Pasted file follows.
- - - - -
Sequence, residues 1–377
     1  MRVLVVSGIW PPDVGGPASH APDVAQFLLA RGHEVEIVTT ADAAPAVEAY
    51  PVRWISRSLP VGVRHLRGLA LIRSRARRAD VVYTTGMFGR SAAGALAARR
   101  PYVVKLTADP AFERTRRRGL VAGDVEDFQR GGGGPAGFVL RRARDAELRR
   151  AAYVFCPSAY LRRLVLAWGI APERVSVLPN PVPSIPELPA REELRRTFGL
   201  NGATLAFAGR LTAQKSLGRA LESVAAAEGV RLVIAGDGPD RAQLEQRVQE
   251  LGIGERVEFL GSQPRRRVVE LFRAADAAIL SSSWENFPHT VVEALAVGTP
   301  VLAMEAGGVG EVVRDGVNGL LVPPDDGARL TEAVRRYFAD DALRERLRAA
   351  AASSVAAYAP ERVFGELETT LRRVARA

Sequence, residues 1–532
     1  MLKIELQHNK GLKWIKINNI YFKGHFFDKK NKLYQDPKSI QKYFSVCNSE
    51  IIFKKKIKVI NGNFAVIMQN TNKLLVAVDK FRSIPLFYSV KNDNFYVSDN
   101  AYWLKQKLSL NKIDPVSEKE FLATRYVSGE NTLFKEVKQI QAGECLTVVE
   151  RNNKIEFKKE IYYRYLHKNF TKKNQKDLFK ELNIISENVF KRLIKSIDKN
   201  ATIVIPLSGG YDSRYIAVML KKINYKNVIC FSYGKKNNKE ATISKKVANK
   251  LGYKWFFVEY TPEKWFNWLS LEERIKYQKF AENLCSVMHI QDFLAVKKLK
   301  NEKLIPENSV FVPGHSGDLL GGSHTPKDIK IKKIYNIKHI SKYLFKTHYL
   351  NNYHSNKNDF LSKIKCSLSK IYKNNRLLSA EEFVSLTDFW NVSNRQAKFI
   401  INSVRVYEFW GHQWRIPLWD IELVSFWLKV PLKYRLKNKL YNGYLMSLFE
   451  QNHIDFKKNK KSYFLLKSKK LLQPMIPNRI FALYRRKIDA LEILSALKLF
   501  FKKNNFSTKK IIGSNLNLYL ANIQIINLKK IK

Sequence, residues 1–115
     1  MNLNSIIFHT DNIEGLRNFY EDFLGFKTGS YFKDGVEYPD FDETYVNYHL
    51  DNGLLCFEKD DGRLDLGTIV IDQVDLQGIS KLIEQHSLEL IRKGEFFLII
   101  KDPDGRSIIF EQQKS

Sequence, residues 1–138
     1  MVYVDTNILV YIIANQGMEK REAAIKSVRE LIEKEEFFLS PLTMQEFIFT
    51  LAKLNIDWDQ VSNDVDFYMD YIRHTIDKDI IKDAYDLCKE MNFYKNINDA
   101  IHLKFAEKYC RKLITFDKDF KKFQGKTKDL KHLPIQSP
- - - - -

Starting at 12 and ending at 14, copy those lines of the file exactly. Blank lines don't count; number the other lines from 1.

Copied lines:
    51  IIFKKKIKVI NGNFAVIMQN TNKLLVAVDK FRSIPLFYSV KNDNFYVSDN
   101  AYWLKQKLSL NKIDPVSEKE FLATRYVSGE NTLFKEVKQI QAGECLTVVE
   151  RNNKIEFKKE IYYRYLHKNF TKKNQKDLFK ELNIISENVF KRLIKSIDKN